Newsflash: 'America is under attack. Not
from Osama bin Laden, but from our peaceful neighbours to the
LOS ANGELES - The Canadian film industry dodged a bullet three
weeks ago, though few seemed to notice.
The California Legislature, hacking through hundreds of
last-minute bills to finish a budget that was already a record two
months late and a boggling US$24-billion short, quietly killed a
ballyhooed proposal that would have handed Hollywood $650-million in
taxpayer bribes to resist the midnight urge of "runaway
The measure, had it passed, would have given U.S. producers of
movies with budgets under US$10-million a 15% tax credit on the
first US$25,000 of each employee's salary, as long as half the film
was made in California. The Canadian menace, at last, was going to
be faced down.
"Hollywood is under siege and we have to come to their rescue,"
Gray Davis, the Governor of California, bragged to a film-union
audience back in January, when he noisily unveiled the "Davis Plan"
for movie production subsidies. "We will enact this bill," he
assured The Hollywood Reporter as recently as July 12. "I will sign
it.... Our bill will become law."
That it did not shouldn't come as any kind of surprise. Whenever
U.S. politicians mix it up with the state's US$30-billion
motion-picture industry -- especially during an election campaign,
such as the high-profile contest Davis faces this fall -- the ratio
of rhetorical hot air to tangible legislation borders on the
But the politics of runaway production have not yet run their
course. Hollywood has too much political influence; it's a large
source of campaign finance in California, and real worries persist
among rank-and-file workers about blockbusters and
movies-of-the-week being shot in Toronto, Sydney and Prague. There
are two film-industry tax-credit bills sitting in Washington, D.C.,
committees, and some local unions are trying to petition the World
Trade Organization to crack down on the various incentives Canada
and its provinces have been dangling on top of its favourable
For most non-Americans, the idea of Hollywood suffering from
globalization may rightly sound insane. Many countries, Canada
especially, are worried their domestic film industry and culture
will soon be swallowed whole by the crude California juggernaut.
Jack Kyser, chief economist of the non-profit Los Angeles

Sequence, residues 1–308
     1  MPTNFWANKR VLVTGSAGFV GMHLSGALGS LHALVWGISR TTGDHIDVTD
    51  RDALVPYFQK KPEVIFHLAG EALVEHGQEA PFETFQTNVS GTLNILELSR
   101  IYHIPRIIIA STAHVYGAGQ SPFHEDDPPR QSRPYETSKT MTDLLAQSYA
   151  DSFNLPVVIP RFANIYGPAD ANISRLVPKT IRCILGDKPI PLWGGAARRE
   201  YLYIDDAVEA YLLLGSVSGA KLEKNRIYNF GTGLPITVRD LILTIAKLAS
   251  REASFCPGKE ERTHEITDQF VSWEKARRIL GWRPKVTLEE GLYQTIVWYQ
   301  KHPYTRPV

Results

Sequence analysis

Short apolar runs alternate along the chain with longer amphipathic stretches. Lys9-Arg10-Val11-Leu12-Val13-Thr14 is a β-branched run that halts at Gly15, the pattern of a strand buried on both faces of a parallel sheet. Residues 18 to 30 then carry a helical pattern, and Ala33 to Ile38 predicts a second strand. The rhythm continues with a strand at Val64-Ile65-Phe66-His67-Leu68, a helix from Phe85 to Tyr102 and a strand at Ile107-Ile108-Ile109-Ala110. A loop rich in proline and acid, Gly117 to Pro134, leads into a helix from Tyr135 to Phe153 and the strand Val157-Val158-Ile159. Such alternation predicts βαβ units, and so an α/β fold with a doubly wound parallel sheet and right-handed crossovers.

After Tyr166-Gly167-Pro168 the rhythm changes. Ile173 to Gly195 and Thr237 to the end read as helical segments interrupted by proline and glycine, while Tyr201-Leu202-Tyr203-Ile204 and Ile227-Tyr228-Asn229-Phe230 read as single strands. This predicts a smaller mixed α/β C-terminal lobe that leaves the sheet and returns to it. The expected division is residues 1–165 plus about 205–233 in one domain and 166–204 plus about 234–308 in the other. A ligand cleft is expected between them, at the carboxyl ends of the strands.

Economic Development Corporation, spells out the L.A. perspective:
"Everybody tends to view it through the eyes of Entertainment
Tonight or Access Hollywood, and so they think everybody makes
$20-million a year. The reality is this is an industry where you
have a lot of people who are not employed full-time; their work is
very, very sporadic, and so this issue of runaway production just
sort of hits their hot buttons."
Southern California, especially the commercial strips on either
side of the Hollywood Hills, is overrun with freelancers who work on
movies, television shows and commercials. They toil long hours in
concentrated bursts, then are idle for weeks at a time. Once they
gather the thousands of dollars necessary to join their relevant
union, they make a handsome amount of money; until then, they chase
after a shrinking pool of poorly paid non-union jobs, and make up
the difference waiting tables or tending bar. It is a peculiar
system, but it has worked fairly well for nearly a century.
However, that system has become expensive to maintain. Between
union rates, production expenses and star salaries, the cost of
making a big-budget film in California has doubled every four years
or so since the mid-1980s. Meanwhile, new location markets have
opened in places such as Central Europe and Mexico, while the other
English-speaking countries were busy falling over each other to
offer tax incentives for shooting on their turf. All along, the U.S.
dollar has continued to reach historical highs, driving up the price
for staying at home.
The combined effect of these developments is under serious
dispute. Estimates among the blame-Canada crowd run as astronomical
as 25,000 lost jobs and US$10-billion a year, while partisan
skeptics such as Elizabeth McDonald, president and CEO of the
Canadian Film and Television Production Association, believe that,
as she told The New York Times, "It is not even clear that 'runaway
production' actually exists."
The most noticeable loss locally has been that of television
productions, especially "movies of the week." As the rather robotic
Gov. Davis told The Hollywood Reporter in July, "From 1993-99,
movies-of-the-week declined by 33%, while foreign production
increased by 55%. In 1999 and 2000 alone, Canada increased its share
of films in the $5-million-$50-million range from 15-35%."
The movie-of-the-week defection spurred Hollywood's unions into
action, dominating their internal politics for the past few years.
With few exceptions, Hollywood's famous lobbying muscle has